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Buddhism

Associated Archive Content : 15 results

A Journey of Conscience

In this draft of his 1967 speech, "A Journey of Conscience," Dr. King provides the many reasons he so strongly opposes the war in Vietnam. He writes of how he first felt it was important to remain silent, but gradually felt compelled to speak out, as the US made no initiatives toward peace. He points at that the war abroad takes away our focus on our problems at home, and we must "combine the fervor of the civil rights movement with the peace movement."

Buddhism

Dr. King quotes James Bissett Pratt's "The Religious Consciousness: A Psychological Study."

Dr. Abernathy Selected for World Peace Mission

The Southern Christian Leadership Conference announces that Ralph D. Abernathy and his wife will embark on a world-wide mission for peace. Abernathy will serve as a delegate to the International Inter-religious Symposium on Peace.

Examination for MLK Class

This document contains examination questions for Dr. King's class. Dr. King taught a class at Morehouse College briefly in the early 1960s.

Letter from Archie Crouch to MLK

Archie R. Crouch, of the Office for Communications, sends a personal letter to Dr. King using the United Presbyterian Church letterhead. He expresses his support for Dr. King's leadership against the Vietnam War and states that he meets many people that stand in opposition to the war. Crouch encloses recent issues of the publications New and Motive, which highlight the anti-war efforts taking place in the Presbyterian Church.

Letter from Harvey Weeks to MLK

Harvey Weeks writes to Dr. King to show his support for Dr. King's stance on the Vietnam War. He also offers some advice and makes an appeal.

Letter From Maria Diego to Dr. King

Maria Diego requests assistance from Dr. King to aid in funding a new Catholic school building in Japan.

Letter from MLK to Mrs. Hassell

Dr. King addresses Mrs. Hassell's questions regarding Pope Paul's quest for peace.

Letter from the Secretary General of the Oversees Vietnamese Buddhist Association

In this correspondence VO VAN AI request assistance in denouncing the massacre at the School of Youth For Social Services in Vietnam.

MLK Sermon: Why I Am Opposed to the War in Vietnam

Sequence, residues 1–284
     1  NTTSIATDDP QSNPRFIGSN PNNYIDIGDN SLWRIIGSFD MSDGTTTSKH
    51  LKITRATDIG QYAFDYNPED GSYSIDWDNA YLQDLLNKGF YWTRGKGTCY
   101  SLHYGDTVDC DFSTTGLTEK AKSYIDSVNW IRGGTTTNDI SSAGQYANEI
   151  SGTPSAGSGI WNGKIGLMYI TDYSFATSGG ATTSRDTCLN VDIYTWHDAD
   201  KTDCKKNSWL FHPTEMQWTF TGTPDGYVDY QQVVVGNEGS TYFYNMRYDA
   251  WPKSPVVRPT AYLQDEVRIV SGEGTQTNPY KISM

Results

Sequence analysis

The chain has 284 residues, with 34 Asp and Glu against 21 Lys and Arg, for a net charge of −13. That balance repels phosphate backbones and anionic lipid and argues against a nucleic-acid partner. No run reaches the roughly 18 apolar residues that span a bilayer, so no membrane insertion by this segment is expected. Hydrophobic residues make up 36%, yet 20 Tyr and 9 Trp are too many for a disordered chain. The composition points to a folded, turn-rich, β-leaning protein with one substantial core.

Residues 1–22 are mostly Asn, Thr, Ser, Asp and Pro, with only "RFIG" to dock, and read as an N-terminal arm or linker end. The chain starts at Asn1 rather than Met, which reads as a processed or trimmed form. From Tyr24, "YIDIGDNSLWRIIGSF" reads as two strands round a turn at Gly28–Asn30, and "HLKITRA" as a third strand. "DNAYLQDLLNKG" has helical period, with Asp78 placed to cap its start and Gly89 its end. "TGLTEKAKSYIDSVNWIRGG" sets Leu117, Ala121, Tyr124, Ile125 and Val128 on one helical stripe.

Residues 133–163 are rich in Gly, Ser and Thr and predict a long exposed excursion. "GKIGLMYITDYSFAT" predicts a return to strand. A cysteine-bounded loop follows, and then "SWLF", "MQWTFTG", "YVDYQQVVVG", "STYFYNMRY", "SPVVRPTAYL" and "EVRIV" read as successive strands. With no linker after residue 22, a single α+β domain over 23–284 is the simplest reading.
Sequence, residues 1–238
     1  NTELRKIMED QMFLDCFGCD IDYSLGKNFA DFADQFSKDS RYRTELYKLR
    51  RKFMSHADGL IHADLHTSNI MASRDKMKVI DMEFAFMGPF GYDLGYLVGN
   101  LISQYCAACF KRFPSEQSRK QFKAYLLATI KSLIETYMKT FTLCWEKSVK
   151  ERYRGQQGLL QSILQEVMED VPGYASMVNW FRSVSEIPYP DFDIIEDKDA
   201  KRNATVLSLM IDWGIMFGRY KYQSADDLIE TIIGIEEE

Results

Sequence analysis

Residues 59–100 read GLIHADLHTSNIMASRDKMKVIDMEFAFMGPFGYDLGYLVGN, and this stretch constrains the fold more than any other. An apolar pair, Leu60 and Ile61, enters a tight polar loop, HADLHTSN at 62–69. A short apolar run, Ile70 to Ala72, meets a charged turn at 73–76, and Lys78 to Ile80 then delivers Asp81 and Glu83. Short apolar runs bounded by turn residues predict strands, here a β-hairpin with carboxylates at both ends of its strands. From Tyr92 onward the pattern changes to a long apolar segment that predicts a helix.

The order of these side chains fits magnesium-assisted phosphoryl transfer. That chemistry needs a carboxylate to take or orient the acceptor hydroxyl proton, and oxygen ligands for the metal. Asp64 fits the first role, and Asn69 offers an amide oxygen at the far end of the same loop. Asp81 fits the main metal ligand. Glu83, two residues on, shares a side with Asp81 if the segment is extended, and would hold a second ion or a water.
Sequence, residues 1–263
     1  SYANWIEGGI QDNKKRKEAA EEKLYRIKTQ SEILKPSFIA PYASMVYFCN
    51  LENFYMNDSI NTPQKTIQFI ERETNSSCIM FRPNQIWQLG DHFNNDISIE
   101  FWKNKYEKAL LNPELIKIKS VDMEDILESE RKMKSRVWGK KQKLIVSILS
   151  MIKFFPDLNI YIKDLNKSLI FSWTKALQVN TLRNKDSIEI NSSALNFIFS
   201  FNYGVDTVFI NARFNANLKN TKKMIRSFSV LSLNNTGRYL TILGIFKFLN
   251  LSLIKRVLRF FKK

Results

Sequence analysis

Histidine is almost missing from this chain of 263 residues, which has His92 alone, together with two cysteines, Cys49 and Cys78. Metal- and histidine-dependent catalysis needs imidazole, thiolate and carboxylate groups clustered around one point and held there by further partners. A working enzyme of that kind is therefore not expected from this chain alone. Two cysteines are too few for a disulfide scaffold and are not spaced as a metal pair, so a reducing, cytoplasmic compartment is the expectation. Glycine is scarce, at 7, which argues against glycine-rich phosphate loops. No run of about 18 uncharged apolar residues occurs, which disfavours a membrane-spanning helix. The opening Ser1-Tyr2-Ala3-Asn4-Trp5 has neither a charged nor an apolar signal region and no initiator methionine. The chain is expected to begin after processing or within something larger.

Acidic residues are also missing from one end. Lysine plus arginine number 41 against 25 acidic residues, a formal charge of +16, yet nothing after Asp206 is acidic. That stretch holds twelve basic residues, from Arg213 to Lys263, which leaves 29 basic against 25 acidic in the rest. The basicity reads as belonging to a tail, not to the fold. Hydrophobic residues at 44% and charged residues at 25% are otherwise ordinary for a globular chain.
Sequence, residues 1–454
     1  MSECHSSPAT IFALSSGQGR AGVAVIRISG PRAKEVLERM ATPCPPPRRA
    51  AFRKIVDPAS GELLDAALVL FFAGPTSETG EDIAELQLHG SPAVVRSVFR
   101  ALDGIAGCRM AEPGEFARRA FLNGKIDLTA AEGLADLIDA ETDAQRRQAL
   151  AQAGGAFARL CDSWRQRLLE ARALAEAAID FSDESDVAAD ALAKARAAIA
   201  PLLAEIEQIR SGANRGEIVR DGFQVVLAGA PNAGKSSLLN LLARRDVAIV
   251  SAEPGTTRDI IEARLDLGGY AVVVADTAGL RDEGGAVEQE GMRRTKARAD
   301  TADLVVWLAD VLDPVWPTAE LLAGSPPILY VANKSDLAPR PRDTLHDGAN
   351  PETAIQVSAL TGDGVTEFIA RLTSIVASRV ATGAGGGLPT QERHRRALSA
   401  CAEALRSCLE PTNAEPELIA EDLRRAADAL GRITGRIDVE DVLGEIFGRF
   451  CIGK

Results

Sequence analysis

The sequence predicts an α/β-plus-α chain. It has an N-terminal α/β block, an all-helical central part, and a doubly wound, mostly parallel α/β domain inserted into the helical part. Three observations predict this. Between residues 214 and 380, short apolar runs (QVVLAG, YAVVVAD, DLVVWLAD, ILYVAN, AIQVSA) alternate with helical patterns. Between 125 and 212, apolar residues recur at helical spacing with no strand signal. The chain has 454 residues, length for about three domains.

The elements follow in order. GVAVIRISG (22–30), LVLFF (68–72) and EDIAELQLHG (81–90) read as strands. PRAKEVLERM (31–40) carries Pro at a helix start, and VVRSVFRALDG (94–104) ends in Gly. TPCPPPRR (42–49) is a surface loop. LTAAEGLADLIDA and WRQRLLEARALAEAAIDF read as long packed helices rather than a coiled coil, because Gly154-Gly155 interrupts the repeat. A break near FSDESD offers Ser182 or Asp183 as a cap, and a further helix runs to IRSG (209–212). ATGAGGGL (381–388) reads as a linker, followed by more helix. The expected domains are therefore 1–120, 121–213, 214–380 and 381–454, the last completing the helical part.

Dr. King gives a sermon on why he does not support the war in Vietnam.

MLK Speaks on Vietnam War

This 32-page booklet was published by Clergy and Laymen Concerned About Vietnam shortly after Dr. King’s April 4, 1967 Riverside Church address on the Vietnam War. It features a foreword by Dr. Reinhold Niebuhr, Dr. King’s speech, and remarks by Henry Steele Commager, Dr. John C. Bennett, and Rabbi Abraham Heschel. In addition, it includes a New York Times interview with Dr. King, King’s response to NAACP criticism on his opposition to the war, and letters to the editor of the New York Times.

School of Youth for Social Service

The School of Youth for Social Service in South Vietnam aided in immediate war relief, as well as a long range of programs such as rural health & sanitation, agriculture, and illiteracy.

The Committee of Clergy and Laymen Speak on Vietnam

As a public service, the Committee of Clergy and Laymen Concerned about Vietnam have reprinted several statements and addresses of its members. The selected addresses of Dr. King were chosen because of their poignant exposition of the then current issues surrounding the Vietnam War. In the compilation's forward, Dr. Reinhold Niebuhr takes the opportunity to address two of the misconceptions that surrounded the included works of Dr. King.

The Pulpit: A Journal of Contemporary Preaching

As a "journal of contemporary preaching," The Pulpit includes numerous sermons and various religious teachings including Dr. King's "A Tough Mind and a Tender Heart."

Transformed Nonconformist

Dr. King discusses the importance of not conforming in a sermon at Ebenezer Baptist Church. Dr. King thoroughly discusses the hardships and the benefits that come with being a transformed non-conformist.